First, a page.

Last week I had the best conference experience of my entire ministry life. Over the years, I’ve been to more conferences and seminars that I can count. I’ve attended preaching conferences, prophetic conferences, leadership development conferences, spiritual growth conferences, coaching conferences, pastors conferences, denominational conferences—you name it. Some were Pentecostal, some were Evangelical, some were Charismatic, and a couple might have been crazymatic. Most were really good in terms of achieving their intended purpose. But the best by far was the 2016 Hillsong Conference in Sydney, Australia.
The presence of the Holy Spirit was tangible in the midst of extraordinary worship, powerful preaching, and practical teaching. The atmosphere was charged. But what does all this have to do with a blog post about why we need revival? Here’s what I believe about the Hillsong Conference and the whole movement that is Hillsong Church: It could very well represent a movement that addresses the need for revival that comes about when the Church must develop a fresh way to reach a changing world in the power of the Spirit.
Most of the time, when we think about the need for revival, we think about what’s wrong with the church. Indeed, spiritual decline, sin, institutionalization, routinization—these are all very real indications of a need for revival. But they’re not the only ones. Sometimes, the church needs revival not just because something is very wrong, but because the world has changed and the church needs to change in order to reach the world with the unchanging Good News of Jesus.
We expect a missionary in a distant land to learn the language and culture in order to build bridges to reach the people of that land. The church must do the same in whatever land it finds itself. And sometimes it’s not that the church has traveled to distant shores, but cultural changes around us happen so quickly that after a few decades, we find ourselves in a strange land. Maybe the church hasn’t fallen into sin and spiritual decline, but it needs to change in order to be effective in our mission. A revival at that point can infuse the church with fresh vision and propel innovation and creativity that will be able to bridge the gap between the church and the “foreign” culture around it. A revival can ignite the church to be willing to take some risks that will make it more powerful evangelistically. Most important of all, a revival provides a fresh spiritual dynamic necessary to reach a more resistant world.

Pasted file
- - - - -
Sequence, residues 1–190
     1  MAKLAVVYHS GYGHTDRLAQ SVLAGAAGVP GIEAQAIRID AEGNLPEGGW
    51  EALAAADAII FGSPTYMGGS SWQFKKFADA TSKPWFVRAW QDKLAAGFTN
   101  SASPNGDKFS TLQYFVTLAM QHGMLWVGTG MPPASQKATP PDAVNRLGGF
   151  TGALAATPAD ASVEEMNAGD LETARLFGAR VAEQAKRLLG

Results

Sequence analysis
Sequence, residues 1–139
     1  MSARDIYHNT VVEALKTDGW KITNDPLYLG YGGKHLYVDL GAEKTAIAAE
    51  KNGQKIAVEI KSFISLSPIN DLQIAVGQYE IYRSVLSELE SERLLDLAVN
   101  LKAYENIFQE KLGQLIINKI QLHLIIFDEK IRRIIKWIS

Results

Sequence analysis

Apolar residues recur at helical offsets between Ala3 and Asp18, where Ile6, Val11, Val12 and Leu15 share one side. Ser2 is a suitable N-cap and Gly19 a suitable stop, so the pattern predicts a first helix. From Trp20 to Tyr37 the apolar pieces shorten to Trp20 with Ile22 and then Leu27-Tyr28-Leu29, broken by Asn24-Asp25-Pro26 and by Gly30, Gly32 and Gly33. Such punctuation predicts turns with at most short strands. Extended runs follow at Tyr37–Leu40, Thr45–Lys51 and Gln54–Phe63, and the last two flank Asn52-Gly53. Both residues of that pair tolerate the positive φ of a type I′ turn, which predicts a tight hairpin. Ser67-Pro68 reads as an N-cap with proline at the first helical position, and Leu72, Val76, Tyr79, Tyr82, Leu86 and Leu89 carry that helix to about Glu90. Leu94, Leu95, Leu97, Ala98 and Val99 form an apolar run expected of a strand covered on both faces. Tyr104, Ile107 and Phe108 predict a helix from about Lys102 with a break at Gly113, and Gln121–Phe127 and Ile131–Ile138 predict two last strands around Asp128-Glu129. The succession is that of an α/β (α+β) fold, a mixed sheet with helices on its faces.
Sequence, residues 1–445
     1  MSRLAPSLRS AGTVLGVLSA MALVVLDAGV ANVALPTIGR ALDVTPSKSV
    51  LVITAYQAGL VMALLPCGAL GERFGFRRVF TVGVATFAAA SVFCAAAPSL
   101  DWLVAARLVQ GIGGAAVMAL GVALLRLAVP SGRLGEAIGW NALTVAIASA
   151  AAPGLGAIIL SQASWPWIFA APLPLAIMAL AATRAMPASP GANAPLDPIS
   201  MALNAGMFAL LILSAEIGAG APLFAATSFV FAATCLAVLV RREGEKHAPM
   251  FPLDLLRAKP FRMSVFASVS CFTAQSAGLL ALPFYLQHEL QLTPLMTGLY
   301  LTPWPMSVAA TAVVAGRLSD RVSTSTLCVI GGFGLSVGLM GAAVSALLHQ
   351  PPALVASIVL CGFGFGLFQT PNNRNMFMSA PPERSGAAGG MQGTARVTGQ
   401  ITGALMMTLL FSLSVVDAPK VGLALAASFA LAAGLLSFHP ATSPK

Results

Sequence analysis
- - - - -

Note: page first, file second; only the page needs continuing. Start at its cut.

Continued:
A changed environment, then, presents a strong possible need for revival. We see something along this line in Acts chapter 4. At this point, we have no indication that something was wrong with the Early Church so that they needed “revival,” yet Acts 4 gives us an account of a fresh outpouring of the Holy Spirit. Because of the changed cultural environment, which in the Early Church’s case meant increased resistance, God filled the believers afresh, giving them greater boldness and increased power.
We don’t have to focus on what’s wrong with our church today to justify the need for revival. There are plenty of local churches, full of sincere believers who are living godly lives, but who sincerely need revival. In America, our culture isn’t as Bible friendly as it was a few years ago. While I believe that America is ready for a great spiritual harvest, that harvest won’t happen on the scale God desires without revival. Good churches need revival, too.